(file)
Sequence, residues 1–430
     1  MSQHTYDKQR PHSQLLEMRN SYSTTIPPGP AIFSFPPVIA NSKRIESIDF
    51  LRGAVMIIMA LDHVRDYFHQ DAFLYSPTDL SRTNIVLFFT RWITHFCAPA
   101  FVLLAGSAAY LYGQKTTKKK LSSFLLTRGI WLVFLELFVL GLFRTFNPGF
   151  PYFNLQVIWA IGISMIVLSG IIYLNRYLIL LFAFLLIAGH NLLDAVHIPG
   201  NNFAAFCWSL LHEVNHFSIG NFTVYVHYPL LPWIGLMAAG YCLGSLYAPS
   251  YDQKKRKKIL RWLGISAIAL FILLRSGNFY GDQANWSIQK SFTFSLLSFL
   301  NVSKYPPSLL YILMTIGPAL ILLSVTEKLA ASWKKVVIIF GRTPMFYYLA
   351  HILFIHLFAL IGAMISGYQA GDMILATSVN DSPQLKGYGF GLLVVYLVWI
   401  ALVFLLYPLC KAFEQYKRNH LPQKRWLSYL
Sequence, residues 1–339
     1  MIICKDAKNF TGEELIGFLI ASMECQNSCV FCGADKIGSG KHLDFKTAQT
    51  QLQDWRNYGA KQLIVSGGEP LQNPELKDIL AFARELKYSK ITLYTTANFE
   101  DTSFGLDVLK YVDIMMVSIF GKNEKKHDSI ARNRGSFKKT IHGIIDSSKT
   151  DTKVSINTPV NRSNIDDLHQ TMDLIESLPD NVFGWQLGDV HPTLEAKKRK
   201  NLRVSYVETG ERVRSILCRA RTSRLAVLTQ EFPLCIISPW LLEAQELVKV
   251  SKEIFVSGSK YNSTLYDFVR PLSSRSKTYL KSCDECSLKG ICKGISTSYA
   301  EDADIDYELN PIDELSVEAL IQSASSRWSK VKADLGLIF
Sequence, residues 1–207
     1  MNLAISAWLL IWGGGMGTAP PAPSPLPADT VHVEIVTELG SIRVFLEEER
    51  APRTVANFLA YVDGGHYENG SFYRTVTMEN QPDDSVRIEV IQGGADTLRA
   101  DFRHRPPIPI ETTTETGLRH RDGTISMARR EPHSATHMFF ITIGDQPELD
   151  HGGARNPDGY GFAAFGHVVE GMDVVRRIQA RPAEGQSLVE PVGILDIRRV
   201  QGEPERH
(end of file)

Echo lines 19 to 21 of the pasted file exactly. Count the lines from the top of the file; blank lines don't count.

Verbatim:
Sequence, residues 1–207
     1  MNLAISAWLL IWGGGMGTAP PAPSPLPADT VHVEIVTELG SIRVFLEEER
    51  APRTVANFLA YVDGGHYENG SFYRTVTMEN QPDDSVRIEV IQGGADTLRA